My sense is that you and I are, in generally, cordially minded, even though we may differ in some specifics or at least in how those specifics are articulated. So often, Wilbur and Gurney stepped all over each other, even on those occasions when they are really not the far apart.

Comment by Forrest Curo on 11th mo. 29, 2013 at 1:30pm

Gurney essentially said, at one point, that of course we have inward divine revelation -- but that this is too dangerous for people to depend on because we're such fallible beings. (Of course it's really too dangerous for people not to depend on direct inspiration, because we are such fallible beings. A seemingly more-objective guide such as scripture is subject to our fallible faculties for interpretation -- unless we simply get the meaning through direct revelation, which shows us once more needing to acknowledge our dependence on inspiration.)

So Gurney's nod toward immediate revelation  was so much undermined by his distrust that he was effectively denying its availability.

I think that as you say we're differing mainly in "how those specifics are articulated"; but that can add up to a divergence in practice. For example, I see you still exercising your natural intellectual faculties even though you've found and recognized a more dependable source of Truth -- This, as I see it, doesn't mean that you should have abandoned their use, merely that our dependable Truth comes to us filtered through such facilities.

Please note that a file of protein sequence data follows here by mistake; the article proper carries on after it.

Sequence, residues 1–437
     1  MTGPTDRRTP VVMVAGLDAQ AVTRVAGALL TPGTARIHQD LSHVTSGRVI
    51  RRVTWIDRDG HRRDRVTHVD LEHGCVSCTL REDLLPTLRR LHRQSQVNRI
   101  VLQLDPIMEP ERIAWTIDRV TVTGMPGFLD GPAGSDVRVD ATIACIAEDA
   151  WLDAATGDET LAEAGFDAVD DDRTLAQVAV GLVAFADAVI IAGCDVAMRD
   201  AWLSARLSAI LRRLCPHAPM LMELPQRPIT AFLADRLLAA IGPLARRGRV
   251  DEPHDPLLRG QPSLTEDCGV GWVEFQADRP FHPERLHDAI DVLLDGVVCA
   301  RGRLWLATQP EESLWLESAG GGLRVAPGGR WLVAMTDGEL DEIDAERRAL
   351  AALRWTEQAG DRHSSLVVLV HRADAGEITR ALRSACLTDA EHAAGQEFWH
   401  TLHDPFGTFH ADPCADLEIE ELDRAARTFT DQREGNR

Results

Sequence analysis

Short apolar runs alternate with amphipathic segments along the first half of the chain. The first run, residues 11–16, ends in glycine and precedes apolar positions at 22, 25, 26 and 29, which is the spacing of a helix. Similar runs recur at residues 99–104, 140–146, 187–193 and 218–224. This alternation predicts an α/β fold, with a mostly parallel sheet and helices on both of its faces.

Erich Schiffman~'Of course you'll experience Divine Guidance as your own thoughts -- whatever other mind do you have to receive them with?' The point is, our mind is more like an internet connection than like machinery doing computations on its own. The eye processes the data it takes in -- but its light comes in from elsewhere. Food nourishes us, even though this isn't what makes us alive. Our created minds were created; but they only work properly in relation to their Creator.

God could have constructed a humanity of remotely-controlled robots -- but did not. Could have designed us to function as isolated beings; but truly we function very poorly in that mode. What God did make was a complex ongoing relation that needs to be worked out with much practice -- like dancing with a more competent partner (as my wife Anne once put it in a Friends Journal piece.)

Comment by William F Rushby on 11th mo. 29, 2013 at 7:25pm

Hello, Keith!

You wrote: "Hello William. Your questions are compelling. However, they come across as leading. It would be helpful if you would be declarative instead of interrogatory so I can better understand the direction of your leading. Are you willing to answer your questions yourself? I apologize if I have misread the intent of the questions."

Of course, I have an opinion about this change in wording but, if I state it, I will be influencing possible observations by others.  I am not trying to "set anyone up" for a "counter answer" from me; I am not that type of person.

My question is genuine, and not some kind of debating ploy.  If no one cares to venture an answer, I guess I'll have to be satisfied with that!

Comment by Bill Samuel on 11th mo. 29, 2013 at 7:54pm

"When re-upholstering furniture or chopping wood, or reading Scripture, I am anchored in the eternal Presence moment by moment.  And immediately renewed, refreshed, and quickened by the Divine Spirit; the natural faculties superseded."

I find this mind boggling. Yes, we need to be anchored in the eternal Presence moment by moment. But to suggest the superseding of the natural faculties when re-upholstering furniture or chopping wood seems, frankly, rather ludicrous to me. I don't know that even Wilbur took such an extreme position. And as they are needed in this physical tasks, they may be useful in reading the Bible as well.

God gave us the natural faculties for a good reason. This negative view of them winds up, IMHO, being a negative view of God.